International Mother Language Day is celebrated worldwide each February 21. This year’s theme is “multilingual education – a necessity to transform education in a multilingual world.”
Let’s look at its history and ways you can celebrate at home and school!
What is International Mother Language Day?
According to UNESCO (United Nations Educational, Scientific and Cultural Organization), International Mother Language Day is “…an essential platform to promote the importance of cultural and linguistic diversity and multilingualism for peaceful and sustainable societies.”
In 1999, UNESCO proclaimed February 21 as International Mother Language Day, which has been observed worldwide since 2000. The idea for the day arose from the initiative of the Bangladesh. February 21 marks the anniversary of the day when the people of Bangladesh fought for recognition of the Bengali language.
Exploring World Languages
Choose bilingual books to expose students to the many languages spoken worldwide. (There are approximately 7,151 languages spoken today, according to Ethnologue, an online publication about languages of the world.) If you have bilingual students in the class, ask them to read or invite their parents to come and interact with the class in their mother tongue. Or, have them record a book in their home language to share at school so that other students can see and hear some of the home languages spoken by their classmates, deepening their appreciation for language diversity.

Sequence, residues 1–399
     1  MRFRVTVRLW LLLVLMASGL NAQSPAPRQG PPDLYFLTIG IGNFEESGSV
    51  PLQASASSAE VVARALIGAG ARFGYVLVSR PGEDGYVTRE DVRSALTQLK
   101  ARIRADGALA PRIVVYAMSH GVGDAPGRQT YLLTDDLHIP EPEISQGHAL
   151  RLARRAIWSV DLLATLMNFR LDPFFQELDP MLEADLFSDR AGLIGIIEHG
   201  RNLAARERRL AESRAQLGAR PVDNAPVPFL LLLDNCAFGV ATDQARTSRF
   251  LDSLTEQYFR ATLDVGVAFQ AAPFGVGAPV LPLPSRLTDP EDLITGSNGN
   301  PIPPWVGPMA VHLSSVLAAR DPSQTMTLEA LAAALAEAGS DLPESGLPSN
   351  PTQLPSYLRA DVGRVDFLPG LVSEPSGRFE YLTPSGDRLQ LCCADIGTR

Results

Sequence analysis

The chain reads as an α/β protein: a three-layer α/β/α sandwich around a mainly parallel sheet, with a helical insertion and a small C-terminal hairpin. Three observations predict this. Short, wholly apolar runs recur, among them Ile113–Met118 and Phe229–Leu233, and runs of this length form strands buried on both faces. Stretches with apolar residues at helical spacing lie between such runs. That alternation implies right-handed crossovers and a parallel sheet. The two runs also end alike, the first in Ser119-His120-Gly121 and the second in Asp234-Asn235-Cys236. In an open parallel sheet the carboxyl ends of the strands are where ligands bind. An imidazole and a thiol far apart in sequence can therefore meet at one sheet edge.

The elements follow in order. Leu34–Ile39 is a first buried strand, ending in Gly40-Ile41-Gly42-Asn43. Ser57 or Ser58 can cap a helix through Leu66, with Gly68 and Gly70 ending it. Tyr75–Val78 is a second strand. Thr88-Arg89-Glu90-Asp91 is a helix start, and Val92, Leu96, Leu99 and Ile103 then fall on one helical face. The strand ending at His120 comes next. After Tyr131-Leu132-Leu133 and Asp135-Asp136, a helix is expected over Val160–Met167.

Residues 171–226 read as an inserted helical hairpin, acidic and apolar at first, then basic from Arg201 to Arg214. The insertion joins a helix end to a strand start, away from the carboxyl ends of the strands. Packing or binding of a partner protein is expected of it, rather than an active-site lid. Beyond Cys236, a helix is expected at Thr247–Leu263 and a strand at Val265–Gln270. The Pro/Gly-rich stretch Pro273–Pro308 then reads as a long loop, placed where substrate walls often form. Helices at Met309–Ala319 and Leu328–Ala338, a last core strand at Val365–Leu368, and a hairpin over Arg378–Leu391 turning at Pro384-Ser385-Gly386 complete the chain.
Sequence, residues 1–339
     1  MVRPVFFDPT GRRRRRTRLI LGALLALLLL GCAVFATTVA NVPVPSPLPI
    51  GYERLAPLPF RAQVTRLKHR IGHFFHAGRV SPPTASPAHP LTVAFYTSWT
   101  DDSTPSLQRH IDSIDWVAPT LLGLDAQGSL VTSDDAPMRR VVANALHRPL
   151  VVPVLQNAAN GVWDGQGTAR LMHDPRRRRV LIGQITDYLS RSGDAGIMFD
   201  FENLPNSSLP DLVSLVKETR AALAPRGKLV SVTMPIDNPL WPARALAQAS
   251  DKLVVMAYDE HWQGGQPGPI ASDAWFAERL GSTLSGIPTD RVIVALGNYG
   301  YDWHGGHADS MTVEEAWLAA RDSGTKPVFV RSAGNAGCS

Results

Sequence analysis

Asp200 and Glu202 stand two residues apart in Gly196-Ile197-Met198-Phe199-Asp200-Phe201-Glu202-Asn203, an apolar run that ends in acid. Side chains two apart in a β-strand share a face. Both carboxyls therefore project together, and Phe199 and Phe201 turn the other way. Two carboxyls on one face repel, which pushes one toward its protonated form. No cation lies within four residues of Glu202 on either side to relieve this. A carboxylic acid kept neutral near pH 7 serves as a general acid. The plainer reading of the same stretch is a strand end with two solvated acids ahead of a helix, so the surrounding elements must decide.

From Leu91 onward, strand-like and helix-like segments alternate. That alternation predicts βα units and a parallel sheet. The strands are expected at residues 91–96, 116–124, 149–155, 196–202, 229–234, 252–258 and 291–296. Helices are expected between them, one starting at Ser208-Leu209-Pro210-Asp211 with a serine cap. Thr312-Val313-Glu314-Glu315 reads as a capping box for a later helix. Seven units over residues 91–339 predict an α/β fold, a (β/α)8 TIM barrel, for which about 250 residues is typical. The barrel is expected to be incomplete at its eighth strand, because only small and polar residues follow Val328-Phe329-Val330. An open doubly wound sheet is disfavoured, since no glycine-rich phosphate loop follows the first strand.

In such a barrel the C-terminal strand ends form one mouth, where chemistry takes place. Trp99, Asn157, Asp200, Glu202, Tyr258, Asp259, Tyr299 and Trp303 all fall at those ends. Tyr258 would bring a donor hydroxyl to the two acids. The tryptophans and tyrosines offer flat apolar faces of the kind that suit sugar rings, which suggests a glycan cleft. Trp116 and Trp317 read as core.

In addition, create a library that reflects all the different languages and cultures spoken in the classroom or school, igniting children’s curiosity to learn about other languages and cultures.
A, B, and C
Expose the class to different alphabets. Because each language is unique, many students aren’t aware that some languages are written with distinct letters, scripts, and characters. Explore how some languages are written with characters, how some text is read from left to right, and how sentence structure can vary from one language to another. Discuss the differences and similarities of the alphabets.
Create a list of popular English words that have been adapted or borrowed from other languages. For example, many of our nautical terms have been adapted from Dutch, such as skipper, buoy, and starboard. Have the students research the origins of different words and discuss how and why they might have been adapted in English.
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